Banks can't do it alone. They have skills shortages, they have technology challenges and they have cultural challenges to move fast ...Skills are in the fintechs, agility is in the fintechs, the only thing the fintechs don't have and what banks have is scale.
… Village Capital, which is one of the world 's largest venture capital firms for seed-stage startups. She manages initiatives that aim to support young companies and entrepreneurs. Village Capital's goal is to "democratise entrepreneurship" and it is focused on solving major global problems, like financial inclusion.
Finance Forward is a fintech accelerator set up by Village Capital which Zaccagnini has been heavily involved in since it launched last year. With programmes running in the United States, Latin America, MENA and Asia as well as Europe; Finance Forward offers training and access to grants for fintechs with products tailored to low and moderate income populations. The programme is supported by PayPal and the MetLife Foundation, and the top selected startups receive a MetLife Foundation Social Entrepreneurship Grant of up to $75,000.
Fintechs that made this year's shortlist in Europe include Pipit which enables migrants to send cross-border payments, and Elifinity, which uses Al to predict future financial challenges. Zaccagnini believes the strength of the accelerator is that it goes beyond the surface issues in the battle against financial exclusion.
"We recognise the limitations to financial inclusion, which can become a bit of a tick-box exercise. Like with opening bank accounts; you can say x number of people now have bank accounts, but it doesn't say much about their financial wellbeing," she says. "This accelerator is about taking a broader approach to financial health. Beyond fintechs, we've got insuretech products, wealthtech products ... it's about taking that broader look at financial inclusivity."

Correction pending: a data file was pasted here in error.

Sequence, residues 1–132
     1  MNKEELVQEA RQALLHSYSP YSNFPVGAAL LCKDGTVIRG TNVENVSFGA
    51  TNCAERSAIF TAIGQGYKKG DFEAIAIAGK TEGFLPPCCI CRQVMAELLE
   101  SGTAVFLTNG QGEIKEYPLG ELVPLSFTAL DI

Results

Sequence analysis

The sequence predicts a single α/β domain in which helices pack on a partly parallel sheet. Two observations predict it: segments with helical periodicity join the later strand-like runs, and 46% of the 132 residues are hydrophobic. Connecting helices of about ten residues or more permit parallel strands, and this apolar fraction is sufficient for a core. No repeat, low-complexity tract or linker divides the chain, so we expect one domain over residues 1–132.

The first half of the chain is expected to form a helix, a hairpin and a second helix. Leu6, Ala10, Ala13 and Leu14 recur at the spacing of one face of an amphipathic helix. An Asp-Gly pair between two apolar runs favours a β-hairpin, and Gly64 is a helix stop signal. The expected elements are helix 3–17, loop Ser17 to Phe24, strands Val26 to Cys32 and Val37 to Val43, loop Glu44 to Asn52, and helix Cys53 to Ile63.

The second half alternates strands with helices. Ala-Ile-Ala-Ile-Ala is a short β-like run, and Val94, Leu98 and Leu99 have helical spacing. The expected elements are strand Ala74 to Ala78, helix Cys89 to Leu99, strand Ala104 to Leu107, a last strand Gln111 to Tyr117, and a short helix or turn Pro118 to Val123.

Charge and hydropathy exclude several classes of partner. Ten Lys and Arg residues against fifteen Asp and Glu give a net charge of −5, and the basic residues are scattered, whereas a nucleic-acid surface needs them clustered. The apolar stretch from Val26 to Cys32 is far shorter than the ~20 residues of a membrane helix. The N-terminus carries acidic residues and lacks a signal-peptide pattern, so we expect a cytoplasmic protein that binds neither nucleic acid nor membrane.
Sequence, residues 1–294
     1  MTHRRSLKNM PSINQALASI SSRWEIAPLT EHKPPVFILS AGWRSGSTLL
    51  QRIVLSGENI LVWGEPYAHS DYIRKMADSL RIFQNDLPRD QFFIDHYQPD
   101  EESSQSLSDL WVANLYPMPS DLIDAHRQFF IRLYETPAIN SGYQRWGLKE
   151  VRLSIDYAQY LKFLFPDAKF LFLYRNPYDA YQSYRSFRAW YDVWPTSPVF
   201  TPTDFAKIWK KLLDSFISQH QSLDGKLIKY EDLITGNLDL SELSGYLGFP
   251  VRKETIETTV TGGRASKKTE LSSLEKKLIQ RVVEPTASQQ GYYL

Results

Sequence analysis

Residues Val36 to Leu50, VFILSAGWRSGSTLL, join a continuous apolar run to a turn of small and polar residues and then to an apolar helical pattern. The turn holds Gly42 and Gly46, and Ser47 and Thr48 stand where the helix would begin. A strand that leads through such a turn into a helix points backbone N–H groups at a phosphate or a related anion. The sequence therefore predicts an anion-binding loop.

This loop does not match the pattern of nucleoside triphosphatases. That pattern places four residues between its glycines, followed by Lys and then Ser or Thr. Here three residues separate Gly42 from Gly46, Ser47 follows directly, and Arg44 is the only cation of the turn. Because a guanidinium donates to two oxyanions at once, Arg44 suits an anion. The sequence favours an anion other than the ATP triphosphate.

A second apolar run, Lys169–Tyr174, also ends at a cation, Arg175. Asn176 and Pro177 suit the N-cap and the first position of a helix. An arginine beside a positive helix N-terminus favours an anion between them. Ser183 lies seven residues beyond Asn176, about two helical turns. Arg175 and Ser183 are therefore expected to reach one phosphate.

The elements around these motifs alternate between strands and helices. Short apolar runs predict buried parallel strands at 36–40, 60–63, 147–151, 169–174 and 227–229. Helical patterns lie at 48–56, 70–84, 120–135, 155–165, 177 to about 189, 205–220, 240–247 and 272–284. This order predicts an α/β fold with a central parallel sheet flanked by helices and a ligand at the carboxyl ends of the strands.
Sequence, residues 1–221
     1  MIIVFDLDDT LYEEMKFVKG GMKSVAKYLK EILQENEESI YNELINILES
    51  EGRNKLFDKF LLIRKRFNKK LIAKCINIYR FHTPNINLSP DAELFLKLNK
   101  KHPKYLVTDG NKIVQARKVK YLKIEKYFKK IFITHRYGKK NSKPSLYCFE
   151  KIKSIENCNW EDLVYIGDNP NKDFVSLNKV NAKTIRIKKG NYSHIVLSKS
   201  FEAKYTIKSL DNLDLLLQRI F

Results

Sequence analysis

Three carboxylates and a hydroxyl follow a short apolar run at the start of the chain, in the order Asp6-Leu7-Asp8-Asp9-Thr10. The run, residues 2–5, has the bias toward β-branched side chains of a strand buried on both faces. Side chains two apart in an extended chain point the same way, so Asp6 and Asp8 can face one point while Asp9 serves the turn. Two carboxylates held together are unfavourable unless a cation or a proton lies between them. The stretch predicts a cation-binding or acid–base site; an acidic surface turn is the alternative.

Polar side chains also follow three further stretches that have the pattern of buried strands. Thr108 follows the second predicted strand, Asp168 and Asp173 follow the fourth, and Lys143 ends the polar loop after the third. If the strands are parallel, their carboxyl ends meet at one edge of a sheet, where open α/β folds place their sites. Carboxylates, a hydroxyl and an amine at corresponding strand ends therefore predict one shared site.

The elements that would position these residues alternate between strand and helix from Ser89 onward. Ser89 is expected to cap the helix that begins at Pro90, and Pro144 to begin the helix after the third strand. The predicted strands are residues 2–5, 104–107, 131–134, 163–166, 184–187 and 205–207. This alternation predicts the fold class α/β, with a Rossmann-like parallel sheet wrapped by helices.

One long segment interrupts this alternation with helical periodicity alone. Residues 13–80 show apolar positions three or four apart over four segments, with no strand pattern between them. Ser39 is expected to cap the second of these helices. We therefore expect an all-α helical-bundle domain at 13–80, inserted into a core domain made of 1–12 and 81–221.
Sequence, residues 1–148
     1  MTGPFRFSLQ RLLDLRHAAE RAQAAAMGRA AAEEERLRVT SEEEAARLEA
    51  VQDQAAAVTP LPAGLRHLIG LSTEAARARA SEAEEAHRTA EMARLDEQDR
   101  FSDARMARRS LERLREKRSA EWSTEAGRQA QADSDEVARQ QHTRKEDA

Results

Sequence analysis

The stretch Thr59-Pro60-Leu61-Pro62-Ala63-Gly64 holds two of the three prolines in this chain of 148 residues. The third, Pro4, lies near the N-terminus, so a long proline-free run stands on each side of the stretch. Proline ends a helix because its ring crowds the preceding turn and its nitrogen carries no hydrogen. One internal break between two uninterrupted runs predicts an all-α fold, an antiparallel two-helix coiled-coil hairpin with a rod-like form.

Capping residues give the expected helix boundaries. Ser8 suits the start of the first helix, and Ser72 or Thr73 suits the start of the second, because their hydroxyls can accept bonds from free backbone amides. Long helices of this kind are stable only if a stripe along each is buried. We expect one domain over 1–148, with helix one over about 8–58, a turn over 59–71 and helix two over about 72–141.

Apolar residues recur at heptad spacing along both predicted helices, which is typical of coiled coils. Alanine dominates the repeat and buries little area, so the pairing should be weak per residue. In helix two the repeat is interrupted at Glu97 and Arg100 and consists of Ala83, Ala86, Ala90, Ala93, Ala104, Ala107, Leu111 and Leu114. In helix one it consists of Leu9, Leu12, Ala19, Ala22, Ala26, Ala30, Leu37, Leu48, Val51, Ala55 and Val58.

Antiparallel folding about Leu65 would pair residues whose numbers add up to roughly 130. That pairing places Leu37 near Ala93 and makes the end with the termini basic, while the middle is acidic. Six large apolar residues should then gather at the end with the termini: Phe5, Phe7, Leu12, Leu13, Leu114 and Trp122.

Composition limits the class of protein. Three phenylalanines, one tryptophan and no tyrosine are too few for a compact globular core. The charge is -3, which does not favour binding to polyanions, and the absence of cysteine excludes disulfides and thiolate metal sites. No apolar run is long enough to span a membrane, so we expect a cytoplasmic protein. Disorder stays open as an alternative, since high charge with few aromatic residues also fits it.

The Europe programme this year attracted more than 80 applications alone. There is clearly no shortage of fintech entrepreneurs out there, even if their efforts to break through into the mainstream might have been hindered by the COVI D-19 outbreak. But is it fair to place all our hope for solving these issues in these ambitious but earlystage companies?
Ghanem believes not. In his work at Capgemini, the entire financial ecosystem comes under the microscope. Capgemini's "World FinTech Report", published in June, stressed the need for traditional financial institutions to embrace collaboration with fintechs in order to become more agile and meet the demands of a wider cross section of customers.
"Banks can't do it alone. They have skills shortages, they have technology challenges and they have cultural challenges to move fast," says Ghanem. "Skills are in the fintechs, agility is in the fintechs, the only thing the fintechs don't have and what banks have is scale. If we can orchestrate this ecosystem, it's a win-win for everybody. Capgemini wants to play the role as the orchestrator of an ecosystem that aims to deliver innovation at scale.
"It is now generally accepted that collaboration holds the key to the umbrella objective of bringing more people into the financial system. And collaboration is happening, with one new initiative in Latin America being a perfect example of financial players coming together for a greater, social good. In September, Mastercard announced that it is joining forces with a number of institutions to launch the Tech for Good Partnership, a first-of-its-kind private sector agreement to accelerate digital and financial inclusion in the Latin America and Caribbean region.
PayPal is one member of the group, which also includes Bancolombia, Banco Galicia, Citibanamex and Mercado Libre. In Latin America, 45% of the population is financially excluded. "That leaves tremendous growth and opportunity for every single one of these companies," says Kiki Del Valle, Mastercard's SVP of Digital Partnerships in the region. "Through the partnership with these players, we can believe we can create new ideas and new innovative platforms.